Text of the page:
When it comes to projects – IT or building, there’s one quote I keep coming back to:
“Time, Cost, Quality – Pick Two”
Kevin McCloud repeated this mantra often on Grand Designs, and while he was referring to ambitious building projects, it holds true in IT as well (and much of life). If watching Kevin McCloud wag his finger at naive home builders taught us anything, it’s that projects never go perfectly to plan. There is always an unforeseen complication (usually followed by the obligatory drama for the episode). Worst case scenario, you can lose out on all three, but typically you end up making one of these decisions:
- Take longer, and do it right. The budget has no more wiggle room, so you have to wait (compromise on Time)
- Cut a corner and finish it now. The budget is rigid, the timeline inflexible. So you creatively reduce the scale somehow (compromise on Quality)
- Pour in a ton of money and get it done right, and get it done now (compromise on Cost)
We’re doing a reno, and while I’d love to have a few lazy thousands to throw at problems to make them disappear, I tend to go with option A and compromise on time. That way we can do a decent job on our reno and still feed the kids if we don’t mind it taking a few months longer, and sanding the floors ourselves (and painting, building walls, hanging doors, jackhammering up bricks and tiles, and … it’s a never ending list really).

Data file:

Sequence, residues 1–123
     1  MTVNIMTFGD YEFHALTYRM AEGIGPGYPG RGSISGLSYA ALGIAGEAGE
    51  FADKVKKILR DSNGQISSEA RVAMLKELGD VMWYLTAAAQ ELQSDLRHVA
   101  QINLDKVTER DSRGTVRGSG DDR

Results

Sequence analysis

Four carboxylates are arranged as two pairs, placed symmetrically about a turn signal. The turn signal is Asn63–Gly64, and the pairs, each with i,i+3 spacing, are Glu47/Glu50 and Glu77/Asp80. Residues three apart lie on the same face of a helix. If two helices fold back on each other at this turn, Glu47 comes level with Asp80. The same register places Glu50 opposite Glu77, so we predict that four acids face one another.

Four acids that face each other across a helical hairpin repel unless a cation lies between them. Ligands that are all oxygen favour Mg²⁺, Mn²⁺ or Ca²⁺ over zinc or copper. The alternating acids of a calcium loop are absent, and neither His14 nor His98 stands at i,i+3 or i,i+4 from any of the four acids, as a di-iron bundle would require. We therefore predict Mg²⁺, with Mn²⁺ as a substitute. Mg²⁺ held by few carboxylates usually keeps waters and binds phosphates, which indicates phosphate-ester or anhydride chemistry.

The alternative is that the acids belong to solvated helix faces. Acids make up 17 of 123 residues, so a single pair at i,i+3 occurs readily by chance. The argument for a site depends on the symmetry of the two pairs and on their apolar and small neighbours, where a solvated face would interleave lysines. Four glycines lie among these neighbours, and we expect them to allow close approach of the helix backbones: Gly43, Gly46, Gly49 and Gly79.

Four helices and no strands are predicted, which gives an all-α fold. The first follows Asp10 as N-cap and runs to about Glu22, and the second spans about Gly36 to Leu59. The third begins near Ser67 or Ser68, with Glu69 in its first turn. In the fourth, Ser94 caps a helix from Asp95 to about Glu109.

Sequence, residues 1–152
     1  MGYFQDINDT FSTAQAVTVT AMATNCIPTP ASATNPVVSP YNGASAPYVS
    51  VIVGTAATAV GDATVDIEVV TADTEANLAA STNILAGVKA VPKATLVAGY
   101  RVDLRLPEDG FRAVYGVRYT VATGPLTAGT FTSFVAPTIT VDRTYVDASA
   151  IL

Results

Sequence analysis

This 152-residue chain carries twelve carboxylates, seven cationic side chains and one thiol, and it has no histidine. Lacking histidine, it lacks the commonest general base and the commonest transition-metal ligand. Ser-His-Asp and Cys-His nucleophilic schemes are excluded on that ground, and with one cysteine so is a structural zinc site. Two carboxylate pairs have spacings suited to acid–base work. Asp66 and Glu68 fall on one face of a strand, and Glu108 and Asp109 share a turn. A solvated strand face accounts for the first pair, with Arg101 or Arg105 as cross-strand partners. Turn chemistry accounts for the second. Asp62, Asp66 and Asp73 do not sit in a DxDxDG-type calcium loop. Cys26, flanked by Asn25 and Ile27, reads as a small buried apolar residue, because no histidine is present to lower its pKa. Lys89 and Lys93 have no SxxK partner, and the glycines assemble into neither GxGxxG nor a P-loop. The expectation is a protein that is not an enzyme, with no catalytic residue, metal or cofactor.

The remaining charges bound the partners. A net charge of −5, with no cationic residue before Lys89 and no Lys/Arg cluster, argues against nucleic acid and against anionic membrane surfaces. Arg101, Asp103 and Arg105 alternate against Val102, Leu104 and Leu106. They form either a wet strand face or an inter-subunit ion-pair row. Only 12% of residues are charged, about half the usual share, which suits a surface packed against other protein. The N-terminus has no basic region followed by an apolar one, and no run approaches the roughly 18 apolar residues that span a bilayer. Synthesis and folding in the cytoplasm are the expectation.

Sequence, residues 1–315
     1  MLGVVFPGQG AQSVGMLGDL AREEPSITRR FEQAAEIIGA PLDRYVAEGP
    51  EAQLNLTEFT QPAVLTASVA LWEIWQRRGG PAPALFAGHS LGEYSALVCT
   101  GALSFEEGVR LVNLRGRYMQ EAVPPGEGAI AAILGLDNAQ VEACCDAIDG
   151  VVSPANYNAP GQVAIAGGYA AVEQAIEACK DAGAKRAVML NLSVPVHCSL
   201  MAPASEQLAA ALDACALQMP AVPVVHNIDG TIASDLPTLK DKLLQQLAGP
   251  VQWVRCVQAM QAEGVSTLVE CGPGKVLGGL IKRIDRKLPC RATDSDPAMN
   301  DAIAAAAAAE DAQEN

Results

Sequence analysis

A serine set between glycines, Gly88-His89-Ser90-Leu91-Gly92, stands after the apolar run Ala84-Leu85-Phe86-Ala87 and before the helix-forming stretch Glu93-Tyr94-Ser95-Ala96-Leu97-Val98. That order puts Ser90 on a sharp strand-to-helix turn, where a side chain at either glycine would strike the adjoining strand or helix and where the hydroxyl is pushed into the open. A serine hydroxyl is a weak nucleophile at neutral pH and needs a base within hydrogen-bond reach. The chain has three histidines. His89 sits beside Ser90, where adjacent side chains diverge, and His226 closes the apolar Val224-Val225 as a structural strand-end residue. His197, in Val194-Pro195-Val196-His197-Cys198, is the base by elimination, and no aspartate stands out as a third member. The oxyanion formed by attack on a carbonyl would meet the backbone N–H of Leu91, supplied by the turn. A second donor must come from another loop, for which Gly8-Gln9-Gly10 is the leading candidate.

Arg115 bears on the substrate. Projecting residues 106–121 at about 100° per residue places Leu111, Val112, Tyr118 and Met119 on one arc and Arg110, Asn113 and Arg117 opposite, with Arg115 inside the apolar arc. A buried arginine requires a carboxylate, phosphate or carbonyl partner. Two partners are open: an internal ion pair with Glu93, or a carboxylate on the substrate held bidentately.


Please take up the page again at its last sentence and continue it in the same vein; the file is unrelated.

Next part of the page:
In business, I need to make sure my clients are on the same page as me. Most business clients are very price sensitive. Plus, it’s difficult for a small business to scale up instantly, so no matter how much money the client has, you just can’t finish things instantly by throwing cash at it. Which means they are most likely either quality or time focused. I like doing a good job, so I work best with quality focused clients who can afford some flexibility with the time when needed. I’d rather do it right than do it twice.
So the next time you’re struggling with a client’s expectations, it may be worth finding out what they are willing to compromise on, and what they hold most precious.